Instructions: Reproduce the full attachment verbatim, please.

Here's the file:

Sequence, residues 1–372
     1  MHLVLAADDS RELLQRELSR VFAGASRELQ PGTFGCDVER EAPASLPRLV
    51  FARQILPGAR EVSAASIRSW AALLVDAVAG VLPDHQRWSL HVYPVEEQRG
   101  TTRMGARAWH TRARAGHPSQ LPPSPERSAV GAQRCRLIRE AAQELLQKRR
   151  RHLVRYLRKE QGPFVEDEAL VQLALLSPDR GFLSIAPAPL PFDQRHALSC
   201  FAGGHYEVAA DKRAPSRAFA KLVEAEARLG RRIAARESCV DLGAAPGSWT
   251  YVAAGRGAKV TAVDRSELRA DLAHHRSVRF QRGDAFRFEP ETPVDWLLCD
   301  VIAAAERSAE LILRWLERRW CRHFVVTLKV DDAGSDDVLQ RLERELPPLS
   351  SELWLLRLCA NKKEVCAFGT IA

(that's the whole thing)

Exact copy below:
Sequence, residues 1–372
     1  MHLVLAADDS RELLQRELSR VFAGASRELQ PGTFGCDVER EAPASLPRLV
    51  FARQILPGAR EVSAASIRSW AALLVDAVAG VLPDHQRWSL HVYPVEEQRG
   101  TTRMGARAWH TRARAGHPSQ LPPSPERSAV GAQRCRLIRE AAQELLQKRR
   151  RHLVRYLRKE QGPFVEDEAL VQLALLSPDR GFLSIAPAPL PFDQRHALSC
   201  FAGGHYEVAA DKRAPSRAFA KLVEAEARLG RRIAARESCV DLGAAPGSWT
   251  YVAAGRGAKV TAVDRSELRA DLAHHRSVRF QRGDAFRFEP ETPVDWLLCD
   301  VIAAAERSAE LILRWLERRW CRHFVVTLKV DDAGSDDVLQ RLERELPPLS
   351  SELWLLRLCA NKKEVCAFGT IA